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Fossil range: Middle Jurassic, 165 million years ago

Scientific classification
Kingdom: Animalia
Phylum: Chordata
Class: Reptilia
Superorder: Dinosauria
Order: Saurischia
Suborder: Theropoda
Superfamily: Tyrannosauroidea
Family: Proceratosauridae
Genus: Proceratosaurus

von Huene, 1926


Proceratosaurus is a genus of small-sized (~3 metres (9.8 ft) long) carnivorous theropod dinosaur from the Middle Jurassic (Bathonian) of England.[1] It was originally thought to be an ancestor of Ceratosaurus, due to the similar small crest on its snout.[2] Now, however, it is considered a coelurosaur, one of the earliest known,[3] specifically a member of the Tyrannosauroidea, the clade of basal relatives of the tyrannosaurs.[4]

The type specimen is held in the London Museum of Natural History and was recovered in 1910 at Minchinhampton while excavating for a reservoir.[4]


Arthur Smith Woodward, who initially studied Proceratosaurus, originally thought it to be an ancestor of the Late Jurassic Ceratosaurus, due to the similarity of their nasal crests.[5] Later study during the 1930s by Friedrich von Huene supported this interpretation, and Huene though both dinosaurs represented members of the group Coelurosauria.[6]

It was not until the late 1980s, after Ceratosaurus had been shown to be a much more primitive theropod and not a coelurosaur, that the classification of Proceratosaurus was again re-examined. Gregory S. Paul suggested that it was a close relative of Ornitholestes, again mainly due to the crest on the nose (though the idea that Ornitholestes bore a nasal crest was later disproved). Paul considered both Proceratosaurus and Ornitholestes to be neither ceratosaurs nor ceolurosaurs, but instead primitive allosauroids. Furthermore, Paul considered the much larger dinosaur Piveteausaurus to be the same genus as Proceratosaurus, making Piveteausaurus a junior synonym.[7] However, no overlapping bones between the two had yet been exposed from the rock around their fossils, and future study showed that they were indeed distinct.[8]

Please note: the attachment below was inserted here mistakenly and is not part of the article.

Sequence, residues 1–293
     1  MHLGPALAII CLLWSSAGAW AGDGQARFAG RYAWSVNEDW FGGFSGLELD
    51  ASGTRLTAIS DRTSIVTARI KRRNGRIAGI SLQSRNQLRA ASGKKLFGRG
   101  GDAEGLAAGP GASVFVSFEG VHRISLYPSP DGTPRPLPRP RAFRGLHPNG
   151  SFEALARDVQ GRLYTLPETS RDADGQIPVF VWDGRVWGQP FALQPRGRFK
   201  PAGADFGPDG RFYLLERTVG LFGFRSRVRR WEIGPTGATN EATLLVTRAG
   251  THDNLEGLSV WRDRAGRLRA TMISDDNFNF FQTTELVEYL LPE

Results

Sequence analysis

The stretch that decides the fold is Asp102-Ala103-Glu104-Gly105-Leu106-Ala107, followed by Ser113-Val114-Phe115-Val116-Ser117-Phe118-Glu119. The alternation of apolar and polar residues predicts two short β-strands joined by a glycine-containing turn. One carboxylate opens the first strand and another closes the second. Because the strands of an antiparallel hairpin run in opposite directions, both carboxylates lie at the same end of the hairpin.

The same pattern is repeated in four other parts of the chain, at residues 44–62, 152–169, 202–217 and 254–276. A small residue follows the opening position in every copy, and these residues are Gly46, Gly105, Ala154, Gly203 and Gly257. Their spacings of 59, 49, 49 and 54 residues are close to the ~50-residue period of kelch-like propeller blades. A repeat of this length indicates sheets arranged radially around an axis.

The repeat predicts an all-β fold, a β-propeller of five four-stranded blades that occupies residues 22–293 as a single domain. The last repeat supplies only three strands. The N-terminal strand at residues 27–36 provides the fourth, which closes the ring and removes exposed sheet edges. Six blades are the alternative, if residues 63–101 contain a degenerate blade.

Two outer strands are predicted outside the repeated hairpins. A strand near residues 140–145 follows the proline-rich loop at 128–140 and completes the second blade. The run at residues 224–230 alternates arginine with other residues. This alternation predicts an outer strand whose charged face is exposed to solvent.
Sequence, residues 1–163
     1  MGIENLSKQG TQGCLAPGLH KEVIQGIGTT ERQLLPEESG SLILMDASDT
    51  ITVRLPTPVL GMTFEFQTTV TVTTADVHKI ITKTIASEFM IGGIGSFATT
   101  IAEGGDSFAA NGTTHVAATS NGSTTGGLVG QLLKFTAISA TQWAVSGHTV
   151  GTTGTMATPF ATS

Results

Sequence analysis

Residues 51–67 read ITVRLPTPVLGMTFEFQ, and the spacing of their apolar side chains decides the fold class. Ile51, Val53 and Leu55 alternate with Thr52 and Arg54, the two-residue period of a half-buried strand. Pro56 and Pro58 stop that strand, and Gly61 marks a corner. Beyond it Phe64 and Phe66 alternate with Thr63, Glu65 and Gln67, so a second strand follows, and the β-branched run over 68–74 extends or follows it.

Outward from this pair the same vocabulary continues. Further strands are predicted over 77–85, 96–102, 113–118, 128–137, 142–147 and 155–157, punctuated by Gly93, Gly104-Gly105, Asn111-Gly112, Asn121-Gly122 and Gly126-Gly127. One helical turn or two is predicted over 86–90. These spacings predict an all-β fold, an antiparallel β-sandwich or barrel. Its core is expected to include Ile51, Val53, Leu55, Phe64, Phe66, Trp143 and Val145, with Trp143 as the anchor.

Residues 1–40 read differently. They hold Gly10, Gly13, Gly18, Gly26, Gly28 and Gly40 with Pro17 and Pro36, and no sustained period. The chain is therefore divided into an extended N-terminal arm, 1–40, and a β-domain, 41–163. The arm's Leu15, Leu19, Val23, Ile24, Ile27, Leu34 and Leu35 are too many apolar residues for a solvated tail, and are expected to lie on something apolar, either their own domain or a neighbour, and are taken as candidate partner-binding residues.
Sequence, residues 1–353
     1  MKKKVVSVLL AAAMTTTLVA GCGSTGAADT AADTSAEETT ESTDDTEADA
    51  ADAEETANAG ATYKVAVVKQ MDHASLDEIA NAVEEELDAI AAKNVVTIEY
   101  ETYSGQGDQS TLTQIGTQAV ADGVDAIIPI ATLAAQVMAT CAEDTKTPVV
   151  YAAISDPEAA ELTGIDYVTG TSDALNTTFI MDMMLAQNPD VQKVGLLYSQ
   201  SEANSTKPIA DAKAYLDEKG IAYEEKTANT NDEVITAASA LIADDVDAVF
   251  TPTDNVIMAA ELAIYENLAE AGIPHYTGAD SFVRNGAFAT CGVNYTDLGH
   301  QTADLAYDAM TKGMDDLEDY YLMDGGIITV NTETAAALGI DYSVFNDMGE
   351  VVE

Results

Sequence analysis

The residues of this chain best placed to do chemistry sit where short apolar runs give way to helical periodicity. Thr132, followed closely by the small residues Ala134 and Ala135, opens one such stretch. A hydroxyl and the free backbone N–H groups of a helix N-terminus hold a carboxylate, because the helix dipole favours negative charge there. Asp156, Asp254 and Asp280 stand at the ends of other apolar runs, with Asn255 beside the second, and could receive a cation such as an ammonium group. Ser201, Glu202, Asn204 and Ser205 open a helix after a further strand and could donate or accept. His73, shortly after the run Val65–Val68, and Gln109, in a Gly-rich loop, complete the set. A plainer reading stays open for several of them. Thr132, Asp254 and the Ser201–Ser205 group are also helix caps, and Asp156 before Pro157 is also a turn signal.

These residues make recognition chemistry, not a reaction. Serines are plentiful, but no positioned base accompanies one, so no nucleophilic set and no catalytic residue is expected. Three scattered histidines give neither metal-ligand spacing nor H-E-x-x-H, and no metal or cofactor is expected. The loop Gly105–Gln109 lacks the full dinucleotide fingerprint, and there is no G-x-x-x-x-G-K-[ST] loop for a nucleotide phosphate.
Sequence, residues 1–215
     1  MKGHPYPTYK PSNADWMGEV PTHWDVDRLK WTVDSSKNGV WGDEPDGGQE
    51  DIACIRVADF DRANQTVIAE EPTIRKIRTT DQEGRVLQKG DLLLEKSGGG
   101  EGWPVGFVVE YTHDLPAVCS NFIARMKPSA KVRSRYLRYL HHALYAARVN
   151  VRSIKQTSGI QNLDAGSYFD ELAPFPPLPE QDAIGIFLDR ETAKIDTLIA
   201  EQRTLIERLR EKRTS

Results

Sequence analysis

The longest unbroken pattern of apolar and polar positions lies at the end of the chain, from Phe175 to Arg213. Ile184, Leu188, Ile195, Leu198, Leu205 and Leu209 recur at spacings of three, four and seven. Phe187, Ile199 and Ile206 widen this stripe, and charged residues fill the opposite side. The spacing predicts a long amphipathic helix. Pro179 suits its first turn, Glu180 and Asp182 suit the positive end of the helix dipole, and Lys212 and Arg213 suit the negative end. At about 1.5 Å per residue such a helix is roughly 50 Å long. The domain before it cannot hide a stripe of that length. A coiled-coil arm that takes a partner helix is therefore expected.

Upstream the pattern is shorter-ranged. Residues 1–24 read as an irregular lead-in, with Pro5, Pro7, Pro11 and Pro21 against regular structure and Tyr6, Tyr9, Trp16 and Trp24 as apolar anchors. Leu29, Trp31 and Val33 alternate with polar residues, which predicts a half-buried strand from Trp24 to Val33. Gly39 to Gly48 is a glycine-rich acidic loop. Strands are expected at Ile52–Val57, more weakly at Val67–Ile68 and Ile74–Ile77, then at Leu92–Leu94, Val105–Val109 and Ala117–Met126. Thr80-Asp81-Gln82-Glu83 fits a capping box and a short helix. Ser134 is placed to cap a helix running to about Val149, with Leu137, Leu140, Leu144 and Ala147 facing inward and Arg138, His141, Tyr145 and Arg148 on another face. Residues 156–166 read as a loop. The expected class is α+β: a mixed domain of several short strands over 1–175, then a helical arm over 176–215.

Several phylogenetic studies in the early 21st century finally found Proceratosaurus (as well as Ornitholestes) to be a coelurosaur, only distantly related to the ceratosaurids and allosauroids, though one opinion published in 2000 considered Proceratosaurus a ceratosaurid without presenting supporting evidence. Phylogenetic analyses by Thomas R. Holtz in 2004 also placed Proceratosaurus among the coelurosaurs, though with only weak support, and again found an (also weakly supported) close relationship with Ornitholestes.[8]

The first major re-evaluation of Proceratosaurus and its relationships will be published in 2010 by Oliver Rauhut and colleagues (it was made available on the Internet before print in November 2009). Their study concluded that Proceratosaurus was in fact a coelurosaur, and moreover a tyrannosauroid, a member of the lineage leading to the giant tyrannosaurs of the Late Cretaceous. Furthermore, they found that Proceratosaurus was most closely related to the Chinese tyrannosauroid Guanlong. They named the clade containing these two dinosaurs the Proceratosauridae, defined as all theropods closer to Proceratosaurus than to Tyrannosaurus, Allosaurus, Compsognathus, Coelurus, Ornithomimus, or Deinonychus.[8]